Effectively Writing the Good Life (WR 100)
This course will introduce you to the discipline of writing in the university through analytical and productive work with the contemporary essay and its various genres. You will learn how to conceive and pursue a line of inquiry about a subject, how to develop an original argument, and how to support an argument with various sources of evidence, including scholarly research. You will develop and practice a full writing process, including planning, drafting, considering critical feedback, revising, reflecting, and editing. And you will hone your critical reading skills to evaluate and engage with other people’s arguments. To help you achieve these goals, we will critically examine and respond to texts, in a range of genres, written by authors in the real world for real audiences. We will also do a lot of writing—consciously and reflectively employing the concepts and strategies we learn about—inside and outside of class.
All of the work we do in this class is grounded in rhetoric: the effective use of language and symbols, always sensitive to context, especially one’s audience and productive of change. The various skills you learn and practice in this course will enable you to become a more thoughtful, reflective, critical thinker who can participate in intellectual and world-shaping conversations inside and outside the academy.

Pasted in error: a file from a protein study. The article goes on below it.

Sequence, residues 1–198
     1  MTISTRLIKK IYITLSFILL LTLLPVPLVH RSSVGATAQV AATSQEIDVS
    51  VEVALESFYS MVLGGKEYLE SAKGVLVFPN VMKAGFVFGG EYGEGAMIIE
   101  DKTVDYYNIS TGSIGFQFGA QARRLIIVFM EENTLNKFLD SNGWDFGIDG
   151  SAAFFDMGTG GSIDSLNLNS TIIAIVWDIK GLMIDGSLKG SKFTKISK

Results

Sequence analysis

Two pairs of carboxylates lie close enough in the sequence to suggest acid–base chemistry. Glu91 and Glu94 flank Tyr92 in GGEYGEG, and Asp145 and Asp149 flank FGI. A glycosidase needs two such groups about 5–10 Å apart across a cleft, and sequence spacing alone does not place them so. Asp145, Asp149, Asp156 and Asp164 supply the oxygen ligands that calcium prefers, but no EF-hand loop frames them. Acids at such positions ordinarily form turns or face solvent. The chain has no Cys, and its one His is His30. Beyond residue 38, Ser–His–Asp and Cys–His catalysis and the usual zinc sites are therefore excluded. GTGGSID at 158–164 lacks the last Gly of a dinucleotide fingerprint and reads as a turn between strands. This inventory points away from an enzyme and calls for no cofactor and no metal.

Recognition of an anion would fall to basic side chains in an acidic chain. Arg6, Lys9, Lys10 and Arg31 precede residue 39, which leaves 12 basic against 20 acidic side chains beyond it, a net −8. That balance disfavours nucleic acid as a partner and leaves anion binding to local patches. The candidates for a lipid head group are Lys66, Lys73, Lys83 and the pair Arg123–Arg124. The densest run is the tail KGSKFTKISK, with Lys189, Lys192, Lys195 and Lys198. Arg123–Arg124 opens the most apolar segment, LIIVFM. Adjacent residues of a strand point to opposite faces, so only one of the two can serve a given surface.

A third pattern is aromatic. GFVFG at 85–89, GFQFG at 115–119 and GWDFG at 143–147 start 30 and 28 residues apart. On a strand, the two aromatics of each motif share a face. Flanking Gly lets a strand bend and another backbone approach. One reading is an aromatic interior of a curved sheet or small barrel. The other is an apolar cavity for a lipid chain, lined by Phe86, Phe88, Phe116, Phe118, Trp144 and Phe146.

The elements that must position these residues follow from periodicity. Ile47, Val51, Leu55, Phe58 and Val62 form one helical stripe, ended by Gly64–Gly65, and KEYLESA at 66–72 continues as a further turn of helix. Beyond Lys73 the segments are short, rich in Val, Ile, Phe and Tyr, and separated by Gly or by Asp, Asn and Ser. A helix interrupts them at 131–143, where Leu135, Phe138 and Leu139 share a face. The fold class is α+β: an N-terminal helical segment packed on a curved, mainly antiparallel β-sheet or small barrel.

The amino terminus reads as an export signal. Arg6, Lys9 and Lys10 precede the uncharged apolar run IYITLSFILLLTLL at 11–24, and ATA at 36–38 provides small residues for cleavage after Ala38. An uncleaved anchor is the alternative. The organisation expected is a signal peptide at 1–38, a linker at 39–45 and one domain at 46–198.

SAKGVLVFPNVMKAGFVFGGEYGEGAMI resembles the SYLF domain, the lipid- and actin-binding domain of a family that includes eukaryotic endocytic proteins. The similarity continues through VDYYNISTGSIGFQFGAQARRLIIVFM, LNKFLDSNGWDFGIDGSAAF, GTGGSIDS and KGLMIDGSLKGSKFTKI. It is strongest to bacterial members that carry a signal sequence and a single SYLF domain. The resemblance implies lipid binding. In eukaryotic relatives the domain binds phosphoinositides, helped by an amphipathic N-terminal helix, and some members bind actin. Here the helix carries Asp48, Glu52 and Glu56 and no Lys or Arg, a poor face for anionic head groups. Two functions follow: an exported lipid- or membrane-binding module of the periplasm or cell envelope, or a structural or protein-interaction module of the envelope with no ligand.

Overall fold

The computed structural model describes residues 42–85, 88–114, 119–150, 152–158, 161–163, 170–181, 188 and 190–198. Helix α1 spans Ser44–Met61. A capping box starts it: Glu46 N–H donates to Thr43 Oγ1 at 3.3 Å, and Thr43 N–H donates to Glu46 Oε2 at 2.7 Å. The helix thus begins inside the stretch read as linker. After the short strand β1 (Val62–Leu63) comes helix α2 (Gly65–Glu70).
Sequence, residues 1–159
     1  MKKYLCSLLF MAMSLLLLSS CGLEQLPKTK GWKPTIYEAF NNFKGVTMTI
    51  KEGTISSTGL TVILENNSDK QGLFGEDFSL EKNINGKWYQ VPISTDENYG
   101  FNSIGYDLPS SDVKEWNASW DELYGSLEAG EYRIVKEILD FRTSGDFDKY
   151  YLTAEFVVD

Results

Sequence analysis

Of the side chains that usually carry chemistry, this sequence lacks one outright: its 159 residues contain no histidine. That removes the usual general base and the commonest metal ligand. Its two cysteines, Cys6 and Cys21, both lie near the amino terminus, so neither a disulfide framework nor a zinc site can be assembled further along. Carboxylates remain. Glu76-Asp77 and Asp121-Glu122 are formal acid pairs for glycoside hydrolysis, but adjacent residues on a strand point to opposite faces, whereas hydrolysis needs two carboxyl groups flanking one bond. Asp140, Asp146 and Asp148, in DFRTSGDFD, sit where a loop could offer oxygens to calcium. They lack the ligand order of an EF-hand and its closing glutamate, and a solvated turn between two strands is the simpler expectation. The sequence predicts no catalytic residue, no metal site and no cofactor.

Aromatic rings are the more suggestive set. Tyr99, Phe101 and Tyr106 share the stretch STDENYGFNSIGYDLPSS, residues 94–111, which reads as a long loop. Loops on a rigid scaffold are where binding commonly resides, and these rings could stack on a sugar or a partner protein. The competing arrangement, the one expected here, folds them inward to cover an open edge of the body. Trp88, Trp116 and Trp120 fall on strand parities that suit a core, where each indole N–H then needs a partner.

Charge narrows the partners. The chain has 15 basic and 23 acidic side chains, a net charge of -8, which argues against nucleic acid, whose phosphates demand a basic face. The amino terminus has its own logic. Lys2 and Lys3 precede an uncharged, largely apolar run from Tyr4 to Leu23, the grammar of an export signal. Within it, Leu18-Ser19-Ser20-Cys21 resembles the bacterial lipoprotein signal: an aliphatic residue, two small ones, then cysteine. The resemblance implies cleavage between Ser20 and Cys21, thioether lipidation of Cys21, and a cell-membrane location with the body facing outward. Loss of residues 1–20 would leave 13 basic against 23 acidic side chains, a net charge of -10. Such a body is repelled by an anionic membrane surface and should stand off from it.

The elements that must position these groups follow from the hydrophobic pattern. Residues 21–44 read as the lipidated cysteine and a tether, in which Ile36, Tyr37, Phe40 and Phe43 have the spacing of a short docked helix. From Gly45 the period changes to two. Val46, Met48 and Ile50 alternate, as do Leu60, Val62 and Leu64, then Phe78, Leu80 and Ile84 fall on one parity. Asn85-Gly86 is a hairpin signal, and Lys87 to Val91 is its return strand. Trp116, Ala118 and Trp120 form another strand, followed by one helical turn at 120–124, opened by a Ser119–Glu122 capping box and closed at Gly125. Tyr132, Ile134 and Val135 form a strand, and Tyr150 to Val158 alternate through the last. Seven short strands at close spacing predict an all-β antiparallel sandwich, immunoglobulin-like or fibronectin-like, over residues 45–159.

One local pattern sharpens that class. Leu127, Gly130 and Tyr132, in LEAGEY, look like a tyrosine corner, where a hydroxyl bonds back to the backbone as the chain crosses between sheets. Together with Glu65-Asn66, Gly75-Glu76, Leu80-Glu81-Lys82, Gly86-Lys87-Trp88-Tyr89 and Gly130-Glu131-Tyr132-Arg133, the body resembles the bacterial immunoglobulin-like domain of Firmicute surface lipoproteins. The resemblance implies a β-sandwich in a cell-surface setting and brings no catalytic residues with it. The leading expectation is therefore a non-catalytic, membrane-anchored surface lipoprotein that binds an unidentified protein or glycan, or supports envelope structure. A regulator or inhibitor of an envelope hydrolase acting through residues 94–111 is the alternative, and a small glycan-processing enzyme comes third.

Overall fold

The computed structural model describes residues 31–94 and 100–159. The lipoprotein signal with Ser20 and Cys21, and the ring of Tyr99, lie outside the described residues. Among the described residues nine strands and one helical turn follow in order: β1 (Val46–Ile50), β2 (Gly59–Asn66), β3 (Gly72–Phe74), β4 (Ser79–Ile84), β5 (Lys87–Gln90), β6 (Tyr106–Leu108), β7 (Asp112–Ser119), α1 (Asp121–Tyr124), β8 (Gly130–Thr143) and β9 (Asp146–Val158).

Dominic Micer has been reading and writing for more than half a century and has been teaching writing for nearly a third of a century. His favorite book is Primo Levi's The Periodic Table; his favorite painting is Winslow Homer's Right and Left, and his favorite musical composition is Steve Reich's The Desert Music. He has been known to tell a joke or two in class; students in the class have been known to laugh at those jokes sometimes.
God and the Good Life (TH 201)
What is the good life and what does God have to do with it? This course examines the Christian understanding of human flourishing, as it has been shaped by the Bible, the experience of the early Christian community, and the insights of modern theologians. We will learn about central biblical narratives and their interpretation by Jews and Christians; classic works of theological exploration from the Christian tradition; and the relevance of theology to modern concerns about social justice, climate change, and interreligious relations.
John Zaleski is a Lecturer in the Department of Theology and holds a Ph.D. in the Study of Religion from Harvard University. His primary teaching and research interests are in Christian and Islamic thought, as well as in the comparative study of religious and theological traditions. Dr. Zaleski lives in Baltimore with his wife and 1-year old daughter and when he is not deciphering medieval Arabic and Syriac texts loves nothing more than going for a hike and chatting about God's greatest gift to humanity: the game of baseball.
Barbara Kurz was born in Brazil but claims Kansas City as home. Barbara has just joined the Loyola community as the Associate Director of Messina. Barbara has a strong background in Student Life, student development, and leadership development. Working with first year students has always been a passion for Barbara and she is thrilled to work with Messina students. Outside of work, Barbara enjoys being a “foodie” and trying out new restaurants with her partner, reading, and spending time with her dog, Ellie.
Both courses in this pairing satisfy core requirements for all students.